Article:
"Just because you can do something, doesn’t mean you should."
This truism applies to many things in life (think: just about any failed stunt that’s gone viral on YouTube), but it especially applies when it comes to business.
Innovation has been responsible for huge breakthroughs in the world. We have seen astounding things come into existence over the past 10 years that we might not have dreamed possible. However, innovation has also produced some serious duds—ideas that, despite being innovative and original, totally flopped.
Here are some of things we’re taking about:
- Oakley Thump Sunglasses: Before there was Google Glass, there were Oakley’s Thump sunglasses, which combined UV protection with an MP3 player. Unfortunately, the glasses were incredibly ugly and the audio controls were difficult to use—plus, users were stuck with a paltry 256MB of flash memory for the sky-high price of $495.
- Segway: The Segway, a two-wheel personal transportation vehicle, was launched in 2002. At the time, the head of Segway proclaimed that it “will be to the car what the car was to the horse and buggy”. Not quite. It was launched with promises of changing how we live, commute, and build cities. Segway, however, did not understand that its price point, well above $3,000 for most models, was too high to draw a mass consumer base. From 2001 to the end of 2007, the company only sold 30k units of its two-wheeled scooter.
- e-“Anything”: As a broader example, think back to the massive amount of money that was invested during the dot-com boom. Venture capital firms funded almost everything with an E in front of the name, from e-commerce companies to Web tool developers to portal site—anything that sounded new, cutting-edge, or innovative. However, unless those companies were solving some underlying problem (think eBay, Yahoo, and Amazon), you’ve probably never heard of them.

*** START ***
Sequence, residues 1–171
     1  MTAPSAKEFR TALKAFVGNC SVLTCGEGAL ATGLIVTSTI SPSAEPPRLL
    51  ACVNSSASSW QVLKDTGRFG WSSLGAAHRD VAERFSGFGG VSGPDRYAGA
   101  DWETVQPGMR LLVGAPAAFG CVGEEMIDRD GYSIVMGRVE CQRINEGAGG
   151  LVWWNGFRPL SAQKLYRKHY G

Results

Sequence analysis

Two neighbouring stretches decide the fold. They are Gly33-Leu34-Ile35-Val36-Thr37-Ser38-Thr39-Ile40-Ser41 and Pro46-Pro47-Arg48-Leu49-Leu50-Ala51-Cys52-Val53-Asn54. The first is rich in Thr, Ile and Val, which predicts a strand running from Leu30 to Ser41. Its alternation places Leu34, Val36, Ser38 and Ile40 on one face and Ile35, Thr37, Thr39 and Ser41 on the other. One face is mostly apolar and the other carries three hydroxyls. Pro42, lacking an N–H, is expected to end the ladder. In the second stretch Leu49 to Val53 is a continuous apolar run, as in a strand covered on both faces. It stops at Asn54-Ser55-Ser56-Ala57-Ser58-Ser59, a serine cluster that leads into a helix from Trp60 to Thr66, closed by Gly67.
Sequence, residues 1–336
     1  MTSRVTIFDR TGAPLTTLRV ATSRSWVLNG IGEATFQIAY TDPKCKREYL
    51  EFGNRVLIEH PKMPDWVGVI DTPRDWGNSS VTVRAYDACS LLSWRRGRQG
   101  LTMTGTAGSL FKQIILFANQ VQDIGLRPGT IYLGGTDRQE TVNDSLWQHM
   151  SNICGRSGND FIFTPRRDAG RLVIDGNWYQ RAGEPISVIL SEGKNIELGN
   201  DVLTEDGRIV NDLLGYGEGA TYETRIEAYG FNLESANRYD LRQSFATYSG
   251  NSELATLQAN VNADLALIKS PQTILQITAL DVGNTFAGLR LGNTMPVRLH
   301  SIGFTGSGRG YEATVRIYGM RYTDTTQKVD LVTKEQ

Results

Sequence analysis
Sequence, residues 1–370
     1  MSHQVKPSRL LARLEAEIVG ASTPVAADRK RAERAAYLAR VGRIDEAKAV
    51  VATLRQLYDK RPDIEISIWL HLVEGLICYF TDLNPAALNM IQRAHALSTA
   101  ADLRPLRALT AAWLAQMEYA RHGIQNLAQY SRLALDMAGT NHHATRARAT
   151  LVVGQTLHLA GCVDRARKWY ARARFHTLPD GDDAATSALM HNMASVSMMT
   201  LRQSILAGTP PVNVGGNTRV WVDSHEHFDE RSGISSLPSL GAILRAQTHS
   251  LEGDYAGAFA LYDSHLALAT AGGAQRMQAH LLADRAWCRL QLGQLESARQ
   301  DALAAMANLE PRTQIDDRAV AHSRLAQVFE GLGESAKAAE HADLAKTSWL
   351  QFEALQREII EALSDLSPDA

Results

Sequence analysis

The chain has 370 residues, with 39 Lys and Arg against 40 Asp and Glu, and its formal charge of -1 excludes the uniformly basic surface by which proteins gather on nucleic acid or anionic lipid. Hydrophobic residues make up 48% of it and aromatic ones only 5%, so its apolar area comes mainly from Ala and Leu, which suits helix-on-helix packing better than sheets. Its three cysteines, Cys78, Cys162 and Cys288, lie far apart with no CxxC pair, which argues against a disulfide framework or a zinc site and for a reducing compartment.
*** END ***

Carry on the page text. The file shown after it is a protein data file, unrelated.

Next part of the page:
The recent innovation craze has led many organizations—startups in particular—to focus exclusively on their ability to develop products that create a disruptive breakthrough and make them famous. So what’s the difference between the innovations that make us go “wow” and ones that make us ask “why”? The difference lies in what the product has been developed in response to.
When you innovate for innovation’s sake, you move forward with products that aren’t being developed in response to buyer-defined needs. If your product doesn’t solve a market problem, you limit your chances for success. Research shows us that market-driven products which focus on an outside-in approach are 31% more profitable. They typically have a faster time to market, higher price point, and fewer failures.
Consider this myth debunked. Innovation (in and of itself) isn’t everything. Only when innovation solves a problem in the market does it become a potent force. Products that act as a solution to an existing problem will see incredible success. But even once you have identified your market problem and you have a product that solves a it, you are still faced with another serious hurdle: How do you tell people that your product has solved their problem? We’ll be diving into that question a little bit deeper in an upcoming email.
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